Global pandemics, such as COVID-19, have taught us to abhor viruses. The emergence of new, highly infectious viruses is—rightfully so—a cause for concern. However, despite the average human body harboring 380 trillion viruses, most of them simply coexist with us and are harmless. When it comes to an ancient lineage of viruses within the realm Duplodnaviria, researchers are even using them as weapons in the battle against infectious diseases.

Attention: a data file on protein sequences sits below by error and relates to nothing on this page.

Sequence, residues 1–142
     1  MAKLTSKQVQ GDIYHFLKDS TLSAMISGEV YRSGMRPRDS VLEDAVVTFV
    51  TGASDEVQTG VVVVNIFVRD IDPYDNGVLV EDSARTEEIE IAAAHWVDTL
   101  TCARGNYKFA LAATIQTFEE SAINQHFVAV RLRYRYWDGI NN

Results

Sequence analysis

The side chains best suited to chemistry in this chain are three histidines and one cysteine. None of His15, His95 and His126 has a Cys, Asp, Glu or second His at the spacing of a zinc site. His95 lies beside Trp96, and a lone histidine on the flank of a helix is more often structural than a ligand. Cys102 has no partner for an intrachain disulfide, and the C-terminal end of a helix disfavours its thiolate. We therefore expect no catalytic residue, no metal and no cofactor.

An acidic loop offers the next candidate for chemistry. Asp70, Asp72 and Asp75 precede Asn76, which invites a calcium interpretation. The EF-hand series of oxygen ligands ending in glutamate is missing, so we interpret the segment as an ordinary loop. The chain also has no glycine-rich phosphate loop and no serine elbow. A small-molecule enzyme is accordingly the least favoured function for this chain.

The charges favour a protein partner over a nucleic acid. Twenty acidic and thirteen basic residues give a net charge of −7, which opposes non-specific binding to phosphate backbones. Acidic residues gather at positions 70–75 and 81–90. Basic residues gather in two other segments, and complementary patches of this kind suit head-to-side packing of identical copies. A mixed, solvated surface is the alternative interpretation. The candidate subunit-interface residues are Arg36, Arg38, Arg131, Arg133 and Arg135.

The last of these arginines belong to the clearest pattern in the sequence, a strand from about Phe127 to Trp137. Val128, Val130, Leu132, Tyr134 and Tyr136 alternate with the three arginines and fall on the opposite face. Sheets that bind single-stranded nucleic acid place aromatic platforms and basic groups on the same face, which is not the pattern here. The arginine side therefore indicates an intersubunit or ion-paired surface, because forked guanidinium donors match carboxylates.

In 1915, Frederick William Twort, an English bacteriologist at the University of London, reported the discovery of an unusual “ultramicroscopic virus” (1). Twort was culturing vaccinia virus as part of an experiment to determine if he could prepare smallpox vaccines in vitro. These vaccines, made in calves, were typically contaminated with Staphylococcus bacteria. When Twort plated the vaccines, he found small, clear areas on the agar plates where the bacteria would not grow, and these clear areas were the source of his ultramicroscopic virus. Two years later, a French-Canadian microbiologist, Félix d’Hérelle, independently discovered a similar phenomenon when culturing Shigella bacteria from fecal samples of patients with bacillary dysentery. He called the new virus “un bactériophage obligatoire” (2). Shortly after his discovery, he found that bacteriophages (phages) could be used as powerful agents to treat a variety of bacterial infections, and the field of phage therapy was born (3).Continue reading “Phage Therapy: Meeting the Challenge of Drug-Resistant Bacterial Infections”